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From "Sebb (JIRA)" <>
Subject [jira] Commented: (MATH-259) Bugs in Frequency API
Date Fri, 17 Apr 2009 13:56:14 GMT


Sebb commented on MATH-259:


MATH-259 - check for Comparable when adding values

I overlooked the change of Exception, so there's also:

MATH-259 - throw IllegalArgument rather than ClassCast to better retain original behaviour


I added a new method

   public void addValue(Comparable<?> v)

which is called from

   public void addValue(Object v)

which I took the liberty of deprecating, so the compiler will warn users about non-Comparable
Hope that's OK.

Note that it's still possible for mutually non-Comparable values to be added, because the
code does not check comparisons both ways, it relies on HashMap to do so.

I.e. if B.compareTo(A) is OK, but A.compareTo(B) does not exist, then it is possible to add
A, then B.
This causes a ClassCastException in some of the getXXX() methods.

> Bugs in Frequency API
> ---------------------
>                 Key: MATH-259
>                 URL:
>             Project: Commons Math
>          Issue Type: Bug
>            Reporter: Sebb
> I think the existing Frequency API has some bugs in it.
> The addValue(Object v) method allows one to add a plain Object, but one cannot add anything
further to the instance, as the second add fails with IllegalArgumentException.
> In fact, the problem is with the first call to addValue(Object) which should not allow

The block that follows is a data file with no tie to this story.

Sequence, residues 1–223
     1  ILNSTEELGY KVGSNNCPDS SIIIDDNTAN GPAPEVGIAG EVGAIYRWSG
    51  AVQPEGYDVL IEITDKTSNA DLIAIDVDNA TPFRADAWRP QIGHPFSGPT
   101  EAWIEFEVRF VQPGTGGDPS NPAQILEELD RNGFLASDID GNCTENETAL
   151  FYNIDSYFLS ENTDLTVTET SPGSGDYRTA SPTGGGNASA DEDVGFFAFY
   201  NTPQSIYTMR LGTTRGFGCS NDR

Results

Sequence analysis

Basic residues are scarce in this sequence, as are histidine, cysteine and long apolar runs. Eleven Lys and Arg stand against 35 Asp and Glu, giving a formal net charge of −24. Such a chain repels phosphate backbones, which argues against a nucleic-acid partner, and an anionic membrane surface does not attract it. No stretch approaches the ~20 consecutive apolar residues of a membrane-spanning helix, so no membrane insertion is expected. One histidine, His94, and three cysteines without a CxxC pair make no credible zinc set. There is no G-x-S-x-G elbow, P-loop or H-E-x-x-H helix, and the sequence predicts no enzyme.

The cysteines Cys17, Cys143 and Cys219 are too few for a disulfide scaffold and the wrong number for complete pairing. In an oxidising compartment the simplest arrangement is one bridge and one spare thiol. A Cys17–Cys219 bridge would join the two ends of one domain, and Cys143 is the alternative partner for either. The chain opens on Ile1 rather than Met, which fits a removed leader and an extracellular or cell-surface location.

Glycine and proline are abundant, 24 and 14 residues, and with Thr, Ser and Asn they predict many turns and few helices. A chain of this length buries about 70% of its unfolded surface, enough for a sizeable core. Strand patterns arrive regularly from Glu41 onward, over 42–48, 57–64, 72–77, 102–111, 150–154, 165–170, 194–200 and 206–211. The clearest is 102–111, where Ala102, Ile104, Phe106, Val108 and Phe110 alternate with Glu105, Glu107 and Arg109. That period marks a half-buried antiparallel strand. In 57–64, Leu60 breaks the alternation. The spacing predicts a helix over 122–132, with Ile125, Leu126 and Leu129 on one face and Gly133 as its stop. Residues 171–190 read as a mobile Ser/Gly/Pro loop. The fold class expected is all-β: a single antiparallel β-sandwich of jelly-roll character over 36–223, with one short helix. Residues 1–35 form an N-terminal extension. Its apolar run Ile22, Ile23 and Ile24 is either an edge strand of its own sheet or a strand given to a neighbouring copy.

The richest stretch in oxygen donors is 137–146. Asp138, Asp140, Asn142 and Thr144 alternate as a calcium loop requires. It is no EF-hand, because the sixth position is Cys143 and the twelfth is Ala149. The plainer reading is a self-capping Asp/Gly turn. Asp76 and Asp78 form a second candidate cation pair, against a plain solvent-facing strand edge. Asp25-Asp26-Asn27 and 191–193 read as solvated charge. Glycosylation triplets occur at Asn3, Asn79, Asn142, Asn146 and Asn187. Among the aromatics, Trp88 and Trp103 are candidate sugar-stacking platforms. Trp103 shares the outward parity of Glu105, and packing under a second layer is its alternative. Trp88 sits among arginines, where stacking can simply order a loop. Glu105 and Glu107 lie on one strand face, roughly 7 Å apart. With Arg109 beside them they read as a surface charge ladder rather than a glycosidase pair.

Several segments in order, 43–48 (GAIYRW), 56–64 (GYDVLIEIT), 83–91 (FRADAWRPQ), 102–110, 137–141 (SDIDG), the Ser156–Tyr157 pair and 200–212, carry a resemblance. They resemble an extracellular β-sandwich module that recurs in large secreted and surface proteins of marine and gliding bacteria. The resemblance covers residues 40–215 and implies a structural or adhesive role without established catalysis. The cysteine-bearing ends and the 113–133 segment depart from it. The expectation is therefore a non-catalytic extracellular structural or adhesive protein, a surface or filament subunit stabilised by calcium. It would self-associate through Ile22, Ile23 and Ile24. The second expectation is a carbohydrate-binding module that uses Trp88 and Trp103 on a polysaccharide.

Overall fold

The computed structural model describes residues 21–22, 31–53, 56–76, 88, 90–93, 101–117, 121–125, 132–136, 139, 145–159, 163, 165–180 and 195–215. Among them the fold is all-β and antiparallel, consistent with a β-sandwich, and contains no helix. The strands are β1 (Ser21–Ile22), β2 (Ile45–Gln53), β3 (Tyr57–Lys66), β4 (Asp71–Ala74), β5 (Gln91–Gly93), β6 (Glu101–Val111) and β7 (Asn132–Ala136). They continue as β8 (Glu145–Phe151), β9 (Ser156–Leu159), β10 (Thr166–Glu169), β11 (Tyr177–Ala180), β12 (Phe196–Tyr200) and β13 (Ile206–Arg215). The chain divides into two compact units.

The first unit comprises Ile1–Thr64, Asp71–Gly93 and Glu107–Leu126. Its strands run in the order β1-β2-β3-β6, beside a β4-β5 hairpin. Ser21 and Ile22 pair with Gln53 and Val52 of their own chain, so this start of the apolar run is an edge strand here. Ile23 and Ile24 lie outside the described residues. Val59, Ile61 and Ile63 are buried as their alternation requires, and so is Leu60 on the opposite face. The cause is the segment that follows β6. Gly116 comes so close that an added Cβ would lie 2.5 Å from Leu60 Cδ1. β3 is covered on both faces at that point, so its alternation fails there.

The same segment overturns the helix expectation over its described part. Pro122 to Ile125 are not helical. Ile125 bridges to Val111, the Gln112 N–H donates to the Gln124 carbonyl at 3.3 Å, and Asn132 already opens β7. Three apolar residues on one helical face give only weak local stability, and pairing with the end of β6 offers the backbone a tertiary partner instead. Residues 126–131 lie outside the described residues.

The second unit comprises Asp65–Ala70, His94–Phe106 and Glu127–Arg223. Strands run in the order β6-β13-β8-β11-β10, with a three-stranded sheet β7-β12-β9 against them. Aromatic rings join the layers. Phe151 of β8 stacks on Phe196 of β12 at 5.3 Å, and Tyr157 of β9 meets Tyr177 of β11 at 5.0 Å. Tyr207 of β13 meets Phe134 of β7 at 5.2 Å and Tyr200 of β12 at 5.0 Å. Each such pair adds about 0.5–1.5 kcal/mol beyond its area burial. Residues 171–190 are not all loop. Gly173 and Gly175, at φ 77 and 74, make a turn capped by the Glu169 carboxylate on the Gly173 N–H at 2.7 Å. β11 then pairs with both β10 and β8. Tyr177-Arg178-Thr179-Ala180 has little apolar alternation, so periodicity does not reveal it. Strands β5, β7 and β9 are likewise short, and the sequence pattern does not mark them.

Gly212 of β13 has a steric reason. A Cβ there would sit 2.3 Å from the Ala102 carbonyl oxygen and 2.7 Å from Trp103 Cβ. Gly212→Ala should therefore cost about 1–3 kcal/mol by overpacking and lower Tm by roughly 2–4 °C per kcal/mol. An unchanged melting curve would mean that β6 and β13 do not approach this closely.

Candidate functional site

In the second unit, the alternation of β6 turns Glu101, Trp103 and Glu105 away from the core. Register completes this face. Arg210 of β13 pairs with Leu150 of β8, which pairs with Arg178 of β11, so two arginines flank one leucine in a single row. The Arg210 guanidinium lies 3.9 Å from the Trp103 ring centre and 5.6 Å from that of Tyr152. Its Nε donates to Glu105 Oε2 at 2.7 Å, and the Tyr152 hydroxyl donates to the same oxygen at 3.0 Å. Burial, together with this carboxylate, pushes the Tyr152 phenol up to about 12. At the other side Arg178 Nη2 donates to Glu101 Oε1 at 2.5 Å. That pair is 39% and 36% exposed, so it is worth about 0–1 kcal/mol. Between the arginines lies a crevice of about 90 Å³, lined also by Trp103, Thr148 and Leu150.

a plain Object to be added - it should only allow Comparable objects.
> This could be fixed by checking that the object is Comparable.
> Similar considerations apply to the getCumFreq(Object) and getCumPct(Object) methods
- they will only work with objects that implement Comparable.
> The getCount(Object) and getPct(Object) methods don't fail when given a non-Comparable
object (because the class cast exception is caught), however they just return 0 as if the
object was not present:
> {code}
>         final Object OBJ = new Object();
>         f.addValue(OBJ); // This ought to fail, but doesn't, causing the unexpected behaviour
>         System.out.println(f.getCount(OBJ)); // 0
>         System.out.println(f.getPct(OBJ)); // 0.0
> {code}
> Rather than adding extra checks for Comparable, it seems to me that the API would be
much improved by using Comparable instead of Object.
> Also, it should make it easier to implement generics.
> However, this would cause compilation failures for some programs that pass Object rather
than Comparable to the class.
> These would need recoding, but I think they would continue to run OK against the new
> It would also affect the run-time behaviour slightly, as the first attempt to add a non-Comparable
object would fail, rather than the second add of a possibly valid object.
> But is that a viable program? It can only add one object, and any attempt to get statistics
will either return 0 or an Exception, and applying the instanceof fix would also cause it
to fail.

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